Poland's tight presidential race to get tighter

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Poland's tight presidential race to get tighter

Poland's tight presidential race to get tighter
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Poland’s presidential election on Sunday saw centrist candidate Bronislaw Komorowski narrowly beat right-wing rival Jaroslaw Kaczynski. It points to a tight run-off vote on July 4.

The candidate of Poland’s ruling pro-business Civic Platform took some 41% of the vote, to opposition leader Kaczynski’s nearly 37%.

After the death in a plane crash of Kaczynski’s twin, Lech, triggered the election, the speaker of parliament, Komorowski, has been acting president.

He shares a vision of Poland firmly in the European mainstream, and striving for better ties with Russia.

Analyst Paweł Świeboda has studied his performance: “He is definitely the frontrunner in this campaign but he’s also a pretty unspectacular candidate. He is for stability, predictability, consolidation but there are no fireworks in his campaign.”

Kaczynski is a combative nationalist. When his brother Lech was president, and before that prime minister, it reinforced Poland’s image in the European arena as a difficult country to work with.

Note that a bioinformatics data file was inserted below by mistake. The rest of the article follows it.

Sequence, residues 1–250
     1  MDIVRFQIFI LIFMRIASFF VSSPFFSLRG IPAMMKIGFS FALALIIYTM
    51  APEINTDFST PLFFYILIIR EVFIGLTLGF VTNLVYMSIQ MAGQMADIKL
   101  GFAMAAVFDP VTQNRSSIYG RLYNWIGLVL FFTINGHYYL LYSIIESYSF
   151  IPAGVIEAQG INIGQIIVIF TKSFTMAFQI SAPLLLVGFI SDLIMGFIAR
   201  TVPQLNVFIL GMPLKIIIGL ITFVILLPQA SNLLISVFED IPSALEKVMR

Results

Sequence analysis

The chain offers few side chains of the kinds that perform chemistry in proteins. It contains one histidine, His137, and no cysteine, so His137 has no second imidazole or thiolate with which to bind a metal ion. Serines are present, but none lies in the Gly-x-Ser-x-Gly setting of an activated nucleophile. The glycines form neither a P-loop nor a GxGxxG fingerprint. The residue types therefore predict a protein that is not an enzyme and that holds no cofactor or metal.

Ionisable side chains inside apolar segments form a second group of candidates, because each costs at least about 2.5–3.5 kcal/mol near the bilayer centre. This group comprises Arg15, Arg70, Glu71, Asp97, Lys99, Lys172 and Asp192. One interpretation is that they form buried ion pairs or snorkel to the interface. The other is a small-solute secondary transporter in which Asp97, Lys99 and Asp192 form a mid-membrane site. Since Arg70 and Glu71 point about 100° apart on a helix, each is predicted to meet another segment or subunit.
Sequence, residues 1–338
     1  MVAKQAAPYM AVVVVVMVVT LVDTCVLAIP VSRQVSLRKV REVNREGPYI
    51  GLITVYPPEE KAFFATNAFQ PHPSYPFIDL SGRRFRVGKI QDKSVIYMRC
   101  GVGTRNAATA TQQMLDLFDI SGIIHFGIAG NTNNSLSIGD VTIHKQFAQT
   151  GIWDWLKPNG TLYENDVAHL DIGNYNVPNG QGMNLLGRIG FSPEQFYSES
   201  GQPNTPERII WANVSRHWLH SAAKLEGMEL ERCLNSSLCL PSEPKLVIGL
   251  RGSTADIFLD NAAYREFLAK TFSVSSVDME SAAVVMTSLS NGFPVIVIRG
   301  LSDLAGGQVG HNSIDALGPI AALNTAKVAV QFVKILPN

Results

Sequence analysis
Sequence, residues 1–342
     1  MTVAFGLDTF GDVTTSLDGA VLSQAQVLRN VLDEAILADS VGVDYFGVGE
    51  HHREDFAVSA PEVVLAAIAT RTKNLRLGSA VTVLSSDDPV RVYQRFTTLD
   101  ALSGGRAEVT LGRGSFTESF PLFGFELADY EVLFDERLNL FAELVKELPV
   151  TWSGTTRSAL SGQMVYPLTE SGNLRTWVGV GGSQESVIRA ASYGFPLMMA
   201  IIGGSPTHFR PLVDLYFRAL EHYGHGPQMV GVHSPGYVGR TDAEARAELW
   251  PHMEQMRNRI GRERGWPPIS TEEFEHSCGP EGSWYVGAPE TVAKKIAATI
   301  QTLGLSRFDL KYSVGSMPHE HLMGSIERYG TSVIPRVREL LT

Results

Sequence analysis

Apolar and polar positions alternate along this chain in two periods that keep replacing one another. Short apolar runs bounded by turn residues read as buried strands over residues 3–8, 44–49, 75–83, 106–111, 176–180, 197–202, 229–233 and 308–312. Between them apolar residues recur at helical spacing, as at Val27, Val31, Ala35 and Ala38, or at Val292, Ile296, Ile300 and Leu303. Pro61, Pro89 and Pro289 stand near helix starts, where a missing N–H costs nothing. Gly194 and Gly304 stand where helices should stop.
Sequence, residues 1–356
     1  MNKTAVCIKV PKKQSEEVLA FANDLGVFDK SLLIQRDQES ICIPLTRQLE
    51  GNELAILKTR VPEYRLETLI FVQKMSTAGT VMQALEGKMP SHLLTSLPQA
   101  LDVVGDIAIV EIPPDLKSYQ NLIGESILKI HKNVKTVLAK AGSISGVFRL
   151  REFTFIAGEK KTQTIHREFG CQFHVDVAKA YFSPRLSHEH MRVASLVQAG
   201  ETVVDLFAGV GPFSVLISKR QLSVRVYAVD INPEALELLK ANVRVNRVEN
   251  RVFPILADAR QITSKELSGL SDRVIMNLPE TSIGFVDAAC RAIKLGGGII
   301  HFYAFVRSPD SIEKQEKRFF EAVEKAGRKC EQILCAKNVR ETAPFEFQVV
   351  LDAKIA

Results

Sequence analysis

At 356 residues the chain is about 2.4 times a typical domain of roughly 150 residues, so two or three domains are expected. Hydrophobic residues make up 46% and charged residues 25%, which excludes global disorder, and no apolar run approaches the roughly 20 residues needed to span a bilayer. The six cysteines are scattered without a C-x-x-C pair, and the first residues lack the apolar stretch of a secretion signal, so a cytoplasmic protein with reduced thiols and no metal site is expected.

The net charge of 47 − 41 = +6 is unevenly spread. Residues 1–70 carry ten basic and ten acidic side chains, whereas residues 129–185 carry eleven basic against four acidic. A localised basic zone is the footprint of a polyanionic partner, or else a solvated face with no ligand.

The Kaczynski appeal is therefore associated with uncertainty.

Paweł Świeboda again: “Jaroslaw Kaczynski wasn’t himself in the first round. He tried to reinvent himself as a moderate politician. I think his mask will fall off now and we will see a much closer struggle of these two frontrunners in the second round.”

Grzegorz Napieralski, the former communist SLD party’s candidate won a surprisingly strong 14 percent of Sunday’s vote.

Analyst Piotr Kaczyński does not expect that round two voting will change national feeling much:
“The problem for the outcome of the election will be only who of these voters will swift to Bronislaw Komorowski, but in terms of public perception of policies not much has changed, the Poles remain conservative on most of the controversial issues, with nevertheless exceptions such as (legalisation of) in vitro.”

Financial markets would prefer a Komorowski victory because he would be expected to work smoothly with the economically liberal government, in which emotions take second place in tackling budget deficits and preparing the country for eventual euro adoption.